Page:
Algerian army’s hard line tactics against thousands of people, claiming to be treated as citizens, risks destroying its historic legitimacy. The senior army commands have hijacked the judicial system, forcing the police to harass without mercy thousands of NGOs and civil society activists and often take them to court, alleging they are destroying national unity. The generals might succeed in imposing presidential elections in December but they will not help stabilize the country. Nor will it allow trust to return.
For nine months now, hundreds of thousands, sometimes millions of Algerians have been taking to the streets of towns and villages on Friday each week in Africa’s largest country. Nine months later, the standoff between the Hirak (the people) and the senior army high command is complete. The latter is organizing presidential elections next month that will be viewed as politically illegitimate by millions of Algerians even if they are legal in a narrow sense and endorsed without conviction by France and the EU which are trying to grasp the meaning of a massive popular revolt they did not see coming.
Meanwhile the senior army command has hijacked the judicial system, forcing the police to harass without mercy thousands of NGOs and civil society activists and often take them to court, alleging they are destroying national unity. The sheer autism of the army, all of whose leaders are over 70 years of age, risks pushing a movement which has shown considerable forbearance to date and refused violence over the edge, which would destroy not just the unity of Algeria but the army’s cherished claim of historical legitimacy.
Some foreigner observers are prone to equate being Muslim with obscurantism, violence and with an anthropological incapacity to appreciate the benefits of democracy. Much of the western media serves up a diet of “eradicating” violent Islamic groups and paints one of the world’s great religions in the dark shades of an El Greco painting. As the historian James McDougall explains, they continue to see Algeria through “antiquated stereotypes of piracy”, the country’s seven years of ‘savage’ colonial war or the “more recent terrors of Islamist and state violence since 1992”. Algeria, through such lenses, cannot be understood other than in terms of upheaval, rupture, violence, and trauma.
But what we have been witnessing since last winter is the “sometimes ferocious strength of a succession of states, and their simultaneous fragility and limitations.” Algeria was described by General de Gaulle as anarchic, a “poussière d’hommes”. What he failed to appreciate was the extraordinary resilient nature of Algerian society. Current events, writes Mc Dougall, cannot be understood “by measurements against prescriptive (and in fact mythical) schemes of ‘national awakening’, developmental modernization, ‘Western-style free-market democracy’ or the ‘Islamic republic’ but in terms of the constant interplay of social forces with the institutions of state, in which the former have often been more robust, the latter less coherent, than has frequently been appreciated”.
Hence the need to guard against an approach which favors high politics and palace intrigue to the detriment of the vast social forces unleashed by the Hirak – the popular movement. A key feature of this popular rebellion – some would call it a revolution, has been its refusal to resort to violence despite growing state repression since last summer. The appointment of remarkably incompetent people, the fact that ministers with important portfolios appear to report to the Secretary General of the Ministry of Defense rather than the Prime Minister who has taken on the role of a puppet, the fact that the Chief of Staff and de facto ruler, 84 year old General Ahmed Gaid Salah makes appointments to senior jobs across ministries and state companies, thus violating the very rules of these bodies, all this is of interest.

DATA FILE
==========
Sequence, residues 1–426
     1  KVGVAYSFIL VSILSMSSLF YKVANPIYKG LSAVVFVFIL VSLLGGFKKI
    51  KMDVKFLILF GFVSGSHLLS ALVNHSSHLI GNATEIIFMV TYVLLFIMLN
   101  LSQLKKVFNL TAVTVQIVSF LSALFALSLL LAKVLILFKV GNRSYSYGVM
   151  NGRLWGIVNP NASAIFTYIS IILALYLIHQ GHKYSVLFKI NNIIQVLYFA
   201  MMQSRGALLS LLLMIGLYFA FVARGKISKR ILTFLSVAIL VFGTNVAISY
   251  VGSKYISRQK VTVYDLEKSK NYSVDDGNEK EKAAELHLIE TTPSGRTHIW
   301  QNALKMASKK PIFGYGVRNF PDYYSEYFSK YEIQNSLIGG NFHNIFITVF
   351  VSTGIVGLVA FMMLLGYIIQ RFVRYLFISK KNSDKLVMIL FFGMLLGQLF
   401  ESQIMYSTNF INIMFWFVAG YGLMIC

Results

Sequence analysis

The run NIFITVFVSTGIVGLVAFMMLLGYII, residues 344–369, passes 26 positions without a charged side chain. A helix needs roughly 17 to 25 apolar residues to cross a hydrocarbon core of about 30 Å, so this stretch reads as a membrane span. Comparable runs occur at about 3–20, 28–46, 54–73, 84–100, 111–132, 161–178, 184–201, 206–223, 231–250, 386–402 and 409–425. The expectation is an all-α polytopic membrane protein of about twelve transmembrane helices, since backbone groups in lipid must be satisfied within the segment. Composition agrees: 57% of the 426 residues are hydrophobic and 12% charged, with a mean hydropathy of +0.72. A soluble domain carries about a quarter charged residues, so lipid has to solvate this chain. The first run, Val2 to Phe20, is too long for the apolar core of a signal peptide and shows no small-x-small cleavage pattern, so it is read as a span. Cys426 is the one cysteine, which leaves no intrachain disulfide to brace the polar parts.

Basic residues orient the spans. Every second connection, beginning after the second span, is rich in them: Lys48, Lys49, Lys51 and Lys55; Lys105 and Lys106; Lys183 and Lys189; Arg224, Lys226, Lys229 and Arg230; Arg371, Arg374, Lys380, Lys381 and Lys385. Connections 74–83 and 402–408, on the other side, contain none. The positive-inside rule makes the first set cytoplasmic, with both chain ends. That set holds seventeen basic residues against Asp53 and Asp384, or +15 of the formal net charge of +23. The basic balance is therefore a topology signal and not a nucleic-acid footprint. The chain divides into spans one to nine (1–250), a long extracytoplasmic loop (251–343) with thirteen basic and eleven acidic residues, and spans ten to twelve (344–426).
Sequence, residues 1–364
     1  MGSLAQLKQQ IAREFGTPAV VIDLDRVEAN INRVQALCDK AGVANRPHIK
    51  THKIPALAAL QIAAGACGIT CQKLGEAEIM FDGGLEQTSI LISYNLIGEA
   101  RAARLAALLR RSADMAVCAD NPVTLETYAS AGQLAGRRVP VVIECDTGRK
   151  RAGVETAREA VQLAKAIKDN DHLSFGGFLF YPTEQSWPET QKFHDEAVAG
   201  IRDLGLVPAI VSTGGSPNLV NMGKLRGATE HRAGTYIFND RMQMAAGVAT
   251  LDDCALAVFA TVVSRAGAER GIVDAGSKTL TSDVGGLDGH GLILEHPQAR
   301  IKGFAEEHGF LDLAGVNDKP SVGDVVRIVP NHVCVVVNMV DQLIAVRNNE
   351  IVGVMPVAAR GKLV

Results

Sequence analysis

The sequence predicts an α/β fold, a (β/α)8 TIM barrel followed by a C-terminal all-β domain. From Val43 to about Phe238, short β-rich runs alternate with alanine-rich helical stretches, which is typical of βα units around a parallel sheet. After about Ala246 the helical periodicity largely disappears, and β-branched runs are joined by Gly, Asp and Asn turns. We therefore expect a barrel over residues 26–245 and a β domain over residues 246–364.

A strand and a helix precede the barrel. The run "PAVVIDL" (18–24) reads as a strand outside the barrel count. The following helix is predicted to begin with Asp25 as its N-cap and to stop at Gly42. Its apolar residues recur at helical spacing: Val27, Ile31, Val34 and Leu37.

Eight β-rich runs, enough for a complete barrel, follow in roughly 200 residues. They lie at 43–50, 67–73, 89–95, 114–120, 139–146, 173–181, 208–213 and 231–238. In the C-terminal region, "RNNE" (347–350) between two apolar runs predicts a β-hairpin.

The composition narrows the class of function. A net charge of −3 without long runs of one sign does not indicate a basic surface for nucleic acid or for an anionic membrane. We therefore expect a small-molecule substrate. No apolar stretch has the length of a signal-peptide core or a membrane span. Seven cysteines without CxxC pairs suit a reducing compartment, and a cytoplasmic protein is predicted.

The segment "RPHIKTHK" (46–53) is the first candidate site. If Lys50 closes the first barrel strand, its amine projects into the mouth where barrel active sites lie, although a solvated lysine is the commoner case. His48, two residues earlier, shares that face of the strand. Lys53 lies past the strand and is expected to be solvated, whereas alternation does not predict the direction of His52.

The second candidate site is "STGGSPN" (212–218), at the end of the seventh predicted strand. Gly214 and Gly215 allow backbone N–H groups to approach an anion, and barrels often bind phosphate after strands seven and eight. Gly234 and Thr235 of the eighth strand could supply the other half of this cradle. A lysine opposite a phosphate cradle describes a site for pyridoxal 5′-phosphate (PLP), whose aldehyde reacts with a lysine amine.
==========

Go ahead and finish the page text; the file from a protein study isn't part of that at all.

But it maybe that in the medium term Hirak’s refusal to use violence despite growing state repression is more important that these palace intrigues. Many Middle Eastern leaders are desperate to see the Hirak fail as its political savviness might inspire others in the region. The EU for its part has neither the courage nor the political will to remind Algerian leaders that freedom of expression, notably for the media, is vital for future cooperation. History is in the making and Europe shines by its absence.
The senior army command and those in charge of the security services have tried their best to provoke and oppose Berbers versus Arabic speaking, secular versus Islamist, east versus west. The time-honored methods of divide (and intoxicate) and rule no longer work. The Amazigh (Berber) flag, for long a symbol of Kabyle Berbers versus the rest, is now borne by demonstrators wrapped in the national flag; those who carry it in Kabylia are not arrested but elsewhere in Algeria they often are as if the high command were saying, “you are allowed to play the monkey in your corner of the zoo but not elsewhere”.
The fear of radical Islamist parties has often been used by Algerian and other rulers in Middle Eastern countries, to scare domestic opinion and Western governments: better allow authoritarian rulers than the dreaded Islamists. That no longer works. Islamist parties are here to stay and, as in Morocco and Tunisia, they are finding their place in the political party jigsaw puzzle. Women wearing the veil demonstrate with their sisters – the demonstrations have seen the emergence of a new Algerian – people who no longer have a chip on their shoulder about the former colonizer, who often speak English and who dream of the world.